By last summer it was casting a healthy shadow across the yard. You could see lots of new growth on every branch, with massive clusters of big leaves, and nuts. I’d sit out front on a bright sunny day and luxuriate in its shade. Then one morning I noticed a few patches of dead leaves hanging in the tree and a couple on the ground. It was way too early for fall. When I came home that evening I was shocked to see bushels and bushels of dead branches all over the front yard. The tree looked sick and semi-naked. All of that year’s new growth, including its nuts, were gone.

    Then I noticed a grey squirrel perched high above. He was gnawing-off the end of the last branch containing nuts. When it fell to the ground he quickly scurried down, grabbed a nut, and scampered-off to hide it across the street somewhere. He made return trips until all the nuts were gone. The oak was helpless and unable to do anything to defend itself. I vowed to come to its defence.

    Through that fall and winter, and into spring, I developed a war plan. The nuclear option involved getting a gun licence and upgrading from my fully-legal without-licence .22 calibre pellet pistol to a high velocity .25 calibre pellet rifle with scope. But this being Canada, with gun laws that I fully-support, that’s going to take a while since I need to take the gun course (all booked), pass the test, and apply for a licence. It’s a work in progress.

    (end of part one)
  2. JeffMackwood

    JeffMackwood Maxi-Me

    (part two)

    The less-than-scorched-earth approach involved dusting of my engineering skills and designing and making a squirrel “baffle” that works with trees. You can buy a squirrel baffle (think inverted bowl-shaped hat, or steel tube – the two most common designs) for a bird feeder, but not a tree. Looking at materials on hand I built a rough prototype using some stove pipe / air duct material that I had squirreled away in my garage. With the help of some sheet metal snips and duct tape, version 1.0 was affixed to the oak’s trunk, about four feet off the ground and well below the first branches. It looked stupid (as Gen supportively pointed out) but it would likely work. The one problem was that it might “strangle” the tree. But it was still a successful prototype.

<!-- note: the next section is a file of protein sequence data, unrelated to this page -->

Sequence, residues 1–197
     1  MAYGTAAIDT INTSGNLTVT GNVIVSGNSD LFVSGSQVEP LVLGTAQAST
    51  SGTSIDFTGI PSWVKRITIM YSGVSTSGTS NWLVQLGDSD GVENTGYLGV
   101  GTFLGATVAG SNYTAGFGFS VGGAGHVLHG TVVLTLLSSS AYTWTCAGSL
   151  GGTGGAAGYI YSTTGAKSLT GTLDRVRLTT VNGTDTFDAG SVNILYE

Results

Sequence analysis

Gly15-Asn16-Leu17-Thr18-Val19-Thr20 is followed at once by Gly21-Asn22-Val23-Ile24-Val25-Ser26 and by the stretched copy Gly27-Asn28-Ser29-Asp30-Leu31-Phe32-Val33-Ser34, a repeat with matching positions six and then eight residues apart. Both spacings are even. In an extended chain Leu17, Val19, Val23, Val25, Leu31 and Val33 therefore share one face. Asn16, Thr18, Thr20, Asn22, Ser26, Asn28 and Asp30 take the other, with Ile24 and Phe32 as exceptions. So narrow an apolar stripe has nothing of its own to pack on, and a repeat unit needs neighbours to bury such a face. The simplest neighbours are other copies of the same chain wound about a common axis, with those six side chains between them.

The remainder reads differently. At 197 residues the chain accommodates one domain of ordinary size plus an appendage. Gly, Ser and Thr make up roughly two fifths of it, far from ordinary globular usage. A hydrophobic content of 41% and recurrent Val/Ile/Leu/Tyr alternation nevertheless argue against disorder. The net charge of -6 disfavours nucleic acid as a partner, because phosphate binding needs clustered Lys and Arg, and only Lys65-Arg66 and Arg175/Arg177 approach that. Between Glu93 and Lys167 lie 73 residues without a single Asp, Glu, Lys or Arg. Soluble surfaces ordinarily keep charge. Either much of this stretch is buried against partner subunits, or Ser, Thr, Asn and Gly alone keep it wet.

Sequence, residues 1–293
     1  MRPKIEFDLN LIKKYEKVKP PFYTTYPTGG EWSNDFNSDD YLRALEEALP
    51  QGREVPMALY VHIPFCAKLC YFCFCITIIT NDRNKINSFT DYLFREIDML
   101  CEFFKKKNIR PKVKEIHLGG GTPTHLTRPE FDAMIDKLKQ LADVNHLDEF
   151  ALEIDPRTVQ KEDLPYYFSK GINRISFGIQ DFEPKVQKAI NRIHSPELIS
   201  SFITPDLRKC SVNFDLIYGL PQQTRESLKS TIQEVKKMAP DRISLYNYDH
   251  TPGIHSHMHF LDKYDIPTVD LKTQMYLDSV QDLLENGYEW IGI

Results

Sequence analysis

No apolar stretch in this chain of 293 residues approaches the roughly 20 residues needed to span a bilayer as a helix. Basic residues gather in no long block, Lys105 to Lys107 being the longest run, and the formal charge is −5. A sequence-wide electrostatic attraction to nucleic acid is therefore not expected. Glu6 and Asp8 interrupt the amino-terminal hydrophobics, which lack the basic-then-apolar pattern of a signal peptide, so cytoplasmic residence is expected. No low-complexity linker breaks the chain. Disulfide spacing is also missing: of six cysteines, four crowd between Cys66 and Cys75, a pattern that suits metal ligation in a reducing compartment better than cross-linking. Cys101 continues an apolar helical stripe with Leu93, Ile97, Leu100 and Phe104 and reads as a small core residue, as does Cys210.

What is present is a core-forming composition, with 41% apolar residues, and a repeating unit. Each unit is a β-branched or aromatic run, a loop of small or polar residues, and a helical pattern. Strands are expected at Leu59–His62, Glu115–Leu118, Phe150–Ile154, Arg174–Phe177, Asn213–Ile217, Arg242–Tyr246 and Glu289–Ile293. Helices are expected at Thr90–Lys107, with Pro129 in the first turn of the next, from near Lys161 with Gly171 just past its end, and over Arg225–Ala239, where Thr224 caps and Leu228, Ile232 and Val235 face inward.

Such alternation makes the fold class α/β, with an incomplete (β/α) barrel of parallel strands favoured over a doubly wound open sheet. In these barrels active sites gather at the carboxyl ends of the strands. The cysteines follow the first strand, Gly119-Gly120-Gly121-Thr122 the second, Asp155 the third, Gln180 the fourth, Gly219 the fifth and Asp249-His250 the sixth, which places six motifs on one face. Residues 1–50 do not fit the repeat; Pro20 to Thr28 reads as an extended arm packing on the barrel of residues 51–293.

(I should add that Gen also thought it was I who is nuts in that having a squirrel gnaw yours off is just nature at work and nothing to fret about. More on that later.)

    Version 2.0 involved larger diameter ducting, cut and joined back together so that it was of a larger diameter than the tree, but not so large that a squirrel could squeeze up inside and past it, with “pads” on the inside to protect the tree against fretting damage. Instead of being duct-taped tight to the tree it is suspended from above by waxed hockey skate laces. (This Ottawa after all!) Spray painted a deep forest green, even Gen had to admit that it “doesn’t look bad” – which is extremely high praise I must say.

    Version 2.0 was in place as the leaves were filling out and new acorns were forming. I sat out on the porch and was relieved to see that most of the previous year’s destruction was fast disappearing with the new growth. Once again shade was cast.

    A couple of weeks ago we were visiting Catherine (my editor) and Bernard’s cottage. Bernard is a woodsman par-excellence and expertly manages his fifty-eight acres of trees. As we walked through their forest I mentioned the squirrel problem and how Gen felt I was nuts to even worry about the “natural” damage that they were doing. Within earshot of Gen, Bernard told me that they can be extremely destructive and that for young trees like mine this was not a good thing. I felt vindicated. A certain black squirrel popped that small shot of pride.

    As I had sat in the oak’s shade, I had never seen a squirrel make it into its branches. Then one day I noticed a bunch of almost-ripe nuts on the ground and the end of a branch. There was a squirrel in the tree and as I approached it gnawed off another and dropped it to the ground. I went to panic mode. By the time I retrieved my pellet pistol, and loaded a new cartridge, it had scampered-off. I stood guard for the next couple of days. In the morning I would see new destruction on the ground and a black squirrel in the tree. Another smaller black squirrel and a grey one (maybe the same one as last year) were scooping-up the felled nuts and rushing off with them. Charlie, our Maine Coone, bless his heart, even chased one down, getting hold of it by the tail and roughing it up a bit before it got away.